Western Washington University professor Johann Neem argues the Washington Legislature should not partner with Western Governor's University. He says the online university does not offer an experience that compares with that offered by the state's public higher-education institutions.
THE Legislature is considering a proposal to turn Western Governors University, a private online institution, into a state university. While the bill’s supporters claim that WGU provides greater access to working citizens, there are serious drawbacks that deserve consideration.
First, we have so many worthy private nonprofit colleges and schools in our state that it seems wrong to give public sanction to a school from Utah when local institutions have a history of reaching out to our citizens. Granting WGU recognition may also dissuade other colleges from establishing an online presence, reducing competition and innovation.
Second, WGU’s cost is not equated to its product. WGU charges more per term than our community colleges, and almost as much per year as our four-year institutions. Given that WGU does not pay for classrooms and campuses, a full-time faculty who develop material tailored for students, extracurricular services and faculty research, one must wonder where this money goes and who benefits.
Third, our community colleges, technical colleges and four-year institutions already offer online and offline adult education certification and degree programs. These programs are taught and overseen by faculty in academic departments who have degrees in their fields and are often active researchers. Students benefit from learning from well-qualified people who have designed courses in their areas of expertise.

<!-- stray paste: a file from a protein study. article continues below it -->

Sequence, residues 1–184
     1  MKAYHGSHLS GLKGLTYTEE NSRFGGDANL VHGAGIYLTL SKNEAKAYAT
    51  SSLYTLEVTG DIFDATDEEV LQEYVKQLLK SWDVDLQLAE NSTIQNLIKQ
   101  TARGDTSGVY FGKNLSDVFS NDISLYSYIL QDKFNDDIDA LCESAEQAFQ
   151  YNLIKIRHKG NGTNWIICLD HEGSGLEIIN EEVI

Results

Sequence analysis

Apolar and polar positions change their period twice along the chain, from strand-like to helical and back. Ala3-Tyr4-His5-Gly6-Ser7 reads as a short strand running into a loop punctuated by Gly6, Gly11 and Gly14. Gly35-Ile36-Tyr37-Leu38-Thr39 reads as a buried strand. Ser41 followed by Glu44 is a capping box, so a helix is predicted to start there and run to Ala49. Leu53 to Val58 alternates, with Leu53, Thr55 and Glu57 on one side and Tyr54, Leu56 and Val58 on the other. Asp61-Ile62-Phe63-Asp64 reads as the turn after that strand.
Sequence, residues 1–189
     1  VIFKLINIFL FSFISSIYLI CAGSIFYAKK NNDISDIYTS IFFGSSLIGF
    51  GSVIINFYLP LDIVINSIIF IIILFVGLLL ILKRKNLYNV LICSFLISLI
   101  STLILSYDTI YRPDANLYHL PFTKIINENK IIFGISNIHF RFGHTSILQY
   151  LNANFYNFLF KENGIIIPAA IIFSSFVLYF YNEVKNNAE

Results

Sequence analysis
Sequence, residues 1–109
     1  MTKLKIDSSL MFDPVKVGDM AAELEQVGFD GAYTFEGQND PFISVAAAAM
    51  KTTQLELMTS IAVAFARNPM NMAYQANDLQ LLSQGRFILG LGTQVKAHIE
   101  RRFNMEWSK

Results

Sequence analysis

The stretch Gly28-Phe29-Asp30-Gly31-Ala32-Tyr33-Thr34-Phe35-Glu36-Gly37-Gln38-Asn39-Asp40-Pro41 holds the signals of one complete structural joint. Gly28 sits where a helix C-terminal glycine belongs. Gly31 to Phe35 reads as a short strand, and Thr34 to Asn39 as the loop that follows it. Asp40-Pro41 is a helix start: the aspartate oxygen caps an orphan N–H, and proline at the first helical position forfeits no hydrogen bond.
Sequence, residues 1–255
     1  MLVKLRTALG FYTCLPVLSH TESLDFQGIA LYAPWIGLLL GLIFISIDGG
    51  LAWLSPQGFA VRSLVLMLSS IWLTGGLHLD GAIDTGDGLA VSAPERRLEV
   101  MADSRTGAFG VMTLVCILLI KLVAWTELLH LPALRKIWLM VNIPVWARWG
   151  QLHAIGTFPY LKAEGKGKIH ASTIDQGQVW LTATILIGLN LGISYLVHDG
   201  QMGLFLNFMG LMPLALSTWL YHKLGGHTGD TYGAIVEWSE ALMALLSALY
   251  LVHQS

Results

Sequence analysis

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Fourth, and most important, WGU does not offer a college education. A college education is about going through a process that leaves students transformed. That’s why it takes time. Learning is hard — brain research demonstrates that real learning requires students to struggle with difficult material under the consistent guidance of good teachers. WGU denies students these opportunities. In fact, its advertisements pander to prospective students by offering them credit for what they already know rather than promising to teach them something new.
By giving students opportunities to take courses in the arts and sciences, college prepares graduates for more than just their jobs. College graduates are expected to be capable of making sense of the social, political, economic and scientific challenges facing their country and world. Unlike at WGU, our college students do more than fulfill a small set of technical competencies. They become thoughtful citizens and human beings.
Business leaders know that our future depends on innovation, but WGU’s students do not engage in the meaningful research, writing, labs and discussions that develop creativity. While other countries are emulating American higher education, WGU threatens what makes our system successful. Instead, WGU’s competency-based approach asks students to meet a small set of predetermined outcomes, discouraging thinking and originality.
Whatever WGU is, it is not a college education. Its scope is too narrow and its programs superficial. It’s clear what WGU gains from affiliation with Washington, but it’s not clear what we gain in return. The real victims of WGU’s marketing strategy are poorer and working citizens who are offered an inferior product at an inflated price rather than given access to a college education. We all deserve better.
Johann Neem is associate professor of history at Western Washington University.